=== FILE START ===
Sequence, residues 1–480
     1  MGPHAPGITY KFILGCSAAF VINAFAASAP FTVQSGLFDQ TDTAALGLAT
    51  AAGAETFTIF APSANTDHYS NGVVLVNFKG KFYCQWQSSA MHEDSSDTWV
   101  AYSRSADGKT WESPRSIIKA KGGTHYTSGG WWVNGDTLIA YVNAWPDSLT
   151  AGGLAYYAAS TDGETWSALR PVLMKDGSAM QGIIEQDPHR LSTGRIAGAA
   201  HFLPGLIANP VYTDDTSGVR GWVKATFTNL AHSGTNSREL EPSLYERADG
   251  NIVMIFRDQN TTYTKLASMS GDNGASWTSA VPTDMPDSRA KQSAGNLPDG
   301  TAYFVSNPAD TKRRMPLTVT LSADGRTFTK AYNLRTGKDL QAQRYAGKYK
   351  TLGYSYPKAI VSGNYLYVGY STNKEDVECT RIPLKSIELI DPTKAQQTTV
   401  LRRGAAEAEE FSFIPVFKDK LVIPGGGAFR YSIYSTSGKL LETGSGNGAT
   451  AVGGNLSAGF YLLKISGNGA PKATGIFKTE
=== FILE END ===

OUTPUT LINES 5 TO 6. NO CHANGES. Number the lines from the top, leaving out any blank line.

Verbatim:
   151  AGGLAYYAAS TDGETWSALR PVLMKDGSAM QGIIEQDPHR LSTGRIAGAA
   201  HFLPGLIANP VYTDDTSGVR GWVKATFTNL AHSGTNSREL EPSLYERADG